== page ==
U.S. Department of Energy - Energy Efficiency and Renewable Energy
Bioenergy Technologies Office
Thermochemical Conversion Processes
In gasification conversion, lignocellulosic feedstocks such as wood and forest products are broken down to synthesis gas, primarily carbon monoxide and hydrogen, using heat. The feedstock is then partially oxidized, or reformed with a gasifying agent (air, oxygen, or steam), which produces synthesis gas (syngas). The makeup of syngas will vary due to the different types of feedstocks, their moisture content, the type of gasifier used, the gasification agent, and the temperature and pressure in the gasifier.
Gas Cleanup and Conditioning
The syngas produced undergoes clean-up and conditioning to create a contaminant-free gas having the appropriate hydrogen-carbon monoxide ratio prior to the catalytic conversion step.
Among the contaminants removed during clean-up are tars, acid gas, ammonia, alkali metals, and other particulates.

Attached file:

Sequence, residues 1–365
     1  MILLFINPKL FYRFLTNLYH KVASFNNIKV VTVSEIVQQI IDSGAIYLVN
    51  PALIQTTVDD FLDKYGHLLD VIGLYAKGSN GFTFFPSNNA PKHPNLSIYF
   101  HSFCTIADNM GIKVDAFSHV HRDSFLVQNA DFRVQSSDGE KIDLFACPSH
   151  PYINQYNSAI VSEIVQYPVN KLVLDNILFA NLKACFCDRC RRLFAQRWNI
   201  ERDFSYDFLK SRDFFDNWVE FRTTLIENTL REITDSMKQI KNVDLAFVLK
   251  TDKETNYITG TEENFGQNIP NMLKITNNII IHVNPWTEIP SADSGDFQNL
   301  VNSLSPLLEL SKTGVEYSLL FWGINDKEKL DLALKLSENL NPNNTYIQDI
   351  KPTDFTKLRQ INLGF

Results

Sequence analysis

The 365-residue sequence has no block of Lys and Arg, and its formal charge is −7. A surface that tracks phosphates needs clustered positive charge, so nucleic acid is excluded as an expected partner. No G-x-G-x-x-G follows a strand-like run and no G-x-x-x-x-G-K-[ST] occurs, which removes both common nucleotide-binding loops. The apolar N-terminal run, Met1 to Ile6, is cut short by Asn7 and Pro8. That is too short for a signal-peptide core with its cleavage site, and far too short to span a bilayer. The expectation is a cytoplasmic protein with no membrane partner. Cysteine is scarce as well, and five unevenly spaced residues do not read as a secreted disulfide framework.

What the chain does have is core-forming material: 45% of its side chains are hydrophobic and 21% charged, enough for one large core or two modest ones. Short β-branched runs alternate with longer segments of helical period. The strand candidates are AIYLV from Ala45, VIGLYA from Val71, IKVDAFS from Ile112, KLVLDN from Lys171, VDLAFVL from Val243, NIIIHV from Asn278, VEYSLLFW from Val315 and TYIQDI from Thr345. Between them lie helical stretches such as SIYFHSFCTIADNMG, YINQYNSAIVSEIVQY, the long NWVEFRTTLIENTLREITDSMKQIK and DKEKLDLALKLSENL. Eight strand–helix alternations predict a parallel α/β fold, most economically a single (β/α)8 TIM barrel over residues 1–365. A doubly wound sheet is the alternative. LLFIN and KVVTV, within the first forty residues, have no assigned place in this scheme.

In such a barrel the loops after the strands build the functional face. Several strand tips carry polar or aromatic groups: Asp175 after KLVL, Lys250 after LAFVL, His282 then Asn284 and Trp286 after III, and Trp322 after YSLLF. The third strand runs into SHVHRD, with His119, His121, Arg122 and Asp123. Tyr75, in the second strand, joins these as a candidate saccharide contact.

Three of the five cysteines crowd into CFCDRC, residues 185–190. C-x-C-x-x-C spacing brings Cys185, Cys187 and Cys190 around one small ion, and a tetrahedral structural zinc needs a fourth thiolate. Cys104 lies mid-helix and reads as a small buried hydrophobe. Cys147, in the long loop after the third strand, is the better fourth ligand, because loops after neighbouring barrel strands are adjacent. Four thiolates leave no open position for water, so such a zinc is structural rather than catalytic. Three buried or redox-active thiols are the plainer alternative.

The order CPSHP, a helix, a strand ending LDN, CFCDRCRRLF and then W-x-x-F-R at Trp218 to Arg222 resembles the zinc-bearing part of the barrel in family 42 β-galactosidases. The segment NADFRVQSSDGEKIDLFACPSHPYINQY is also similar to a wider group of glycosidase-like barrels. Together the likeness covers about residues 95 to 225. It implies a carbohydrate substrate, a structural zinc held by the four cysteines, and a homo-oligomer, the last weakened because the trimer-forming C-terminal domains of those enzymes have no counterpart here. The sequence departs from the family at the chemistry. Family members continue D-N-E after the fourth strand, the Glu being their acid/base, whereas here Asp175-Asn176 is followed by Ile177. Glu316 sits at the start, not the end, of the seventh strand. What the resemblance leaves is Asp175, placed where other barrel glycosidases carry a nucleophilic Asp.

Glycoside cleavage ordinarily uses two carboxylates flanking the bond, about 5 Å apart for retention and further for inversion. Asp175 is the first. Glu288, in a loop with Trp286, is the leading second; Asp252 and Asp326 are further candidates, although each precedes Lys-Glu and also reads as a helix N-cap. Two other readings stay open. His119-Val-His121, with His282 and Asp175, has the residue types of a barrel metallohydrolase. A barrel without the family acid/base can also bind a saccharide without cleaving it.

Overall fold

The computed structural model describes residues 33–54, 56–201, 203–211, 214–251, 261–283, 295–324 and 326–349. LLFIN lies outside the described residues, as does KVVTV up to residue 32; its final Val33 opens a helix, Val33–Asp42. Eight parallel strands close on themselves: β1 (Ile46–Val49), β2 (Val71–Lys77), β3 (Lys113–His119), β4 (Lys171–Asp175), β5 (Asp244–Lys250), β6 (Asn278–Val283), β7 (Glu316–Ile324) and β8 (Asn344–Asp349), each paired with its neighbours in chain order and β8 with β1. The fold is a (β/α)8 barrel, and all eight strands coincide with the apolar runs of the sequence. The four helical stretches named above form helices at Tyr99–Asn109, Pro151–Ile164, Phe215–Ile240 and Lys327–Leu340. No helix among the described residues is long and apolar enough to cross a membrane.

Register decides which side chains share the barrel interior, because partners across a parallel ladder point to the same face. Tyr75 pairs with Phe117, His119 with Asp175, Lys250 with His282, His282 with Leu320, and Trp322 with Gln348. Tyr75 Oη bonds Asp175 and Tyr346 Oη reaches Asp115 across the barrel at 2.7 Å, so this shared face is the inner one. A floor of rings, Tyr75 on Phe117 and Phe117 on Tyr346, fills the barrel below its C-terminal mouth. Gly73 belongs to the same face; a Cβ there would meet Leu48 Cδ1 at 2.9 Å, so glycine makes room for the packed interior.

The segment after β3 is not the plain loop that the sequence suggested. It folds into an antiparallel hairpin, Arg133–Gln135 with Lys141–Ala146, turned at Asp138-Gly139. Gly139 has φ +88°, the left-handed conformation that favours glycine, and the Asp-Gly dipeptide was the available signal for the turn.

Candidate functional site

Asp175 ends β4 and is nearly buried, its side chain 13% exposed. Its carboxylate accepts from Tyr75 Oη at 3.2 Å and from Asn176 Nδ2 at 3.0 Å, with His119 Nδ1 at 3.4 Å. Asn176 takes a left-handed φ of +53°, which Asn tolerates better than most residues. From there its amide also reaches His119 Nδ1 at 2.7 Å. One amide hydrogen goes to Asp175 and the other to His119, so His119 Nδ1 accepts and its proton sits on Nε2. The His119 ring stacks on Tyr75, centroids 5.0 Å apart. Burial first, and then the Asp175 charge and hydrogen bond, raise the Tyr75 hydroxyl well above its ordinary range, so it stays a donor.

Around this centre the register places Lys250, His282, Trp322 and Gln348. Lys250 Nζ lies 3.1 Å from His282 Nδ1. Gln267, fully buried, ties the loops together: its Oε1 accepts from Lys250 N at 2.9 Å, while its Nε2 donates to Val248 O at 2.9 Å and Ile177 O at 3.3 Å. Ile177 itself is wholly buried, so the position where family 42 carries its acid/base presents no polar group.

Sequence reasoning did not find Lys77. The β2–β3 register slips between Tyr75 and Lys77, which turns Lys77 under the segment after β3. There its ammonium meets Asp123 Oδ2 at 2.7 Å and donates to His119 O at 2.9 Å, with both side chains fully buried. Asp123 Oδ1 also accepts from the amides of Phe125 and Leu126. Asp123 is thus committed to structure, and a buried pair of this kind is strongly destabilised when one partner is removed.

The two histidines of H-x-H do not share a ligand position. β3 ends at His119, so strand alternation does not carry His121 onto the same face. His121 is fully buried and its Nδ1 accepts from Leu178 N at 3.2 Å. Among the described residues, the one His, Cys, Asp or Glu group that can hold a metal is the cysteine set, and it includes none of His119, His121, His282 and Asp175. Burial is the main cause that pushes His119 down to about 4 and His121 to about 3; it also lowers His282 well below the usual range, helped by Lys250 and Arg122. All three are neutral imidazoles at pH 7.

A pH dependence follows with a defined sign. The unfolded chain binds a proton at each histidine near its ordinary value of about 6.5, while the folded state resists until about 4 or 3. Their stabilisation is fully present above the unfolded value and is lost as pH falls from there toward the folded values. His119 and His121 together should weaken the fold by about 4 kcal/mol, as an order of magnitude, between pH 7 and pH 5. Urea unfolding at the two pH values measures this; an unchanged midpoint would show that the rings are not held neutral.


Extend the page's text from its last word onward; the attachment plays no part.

Syngas is then conditioned: hydrogen sulfide levels are reduced by sulfur polishing, and hydrogen-carbon monoxide ratio is adjusted using water-gas shift.
In pyrolysis processing, biomass feedstocks are broken down using heat in the absence of oxygen, producing a biooil that can be further refined to a hydrocarbon product. The decomposition occurs at lower temperatures than gasification processes, and produces liquid oil instead of a synthesis gas. Oil produced varies in oxygen content or viscosity according to the feedstock used.
Oil produced in pyrolysis processing must have particulates and ash removed in filtration to create a homogenous product. The oil is then upgraded to hydrocarbon fuels via hydrotreating and hydrocracking processing, which reduces its total oxygen content.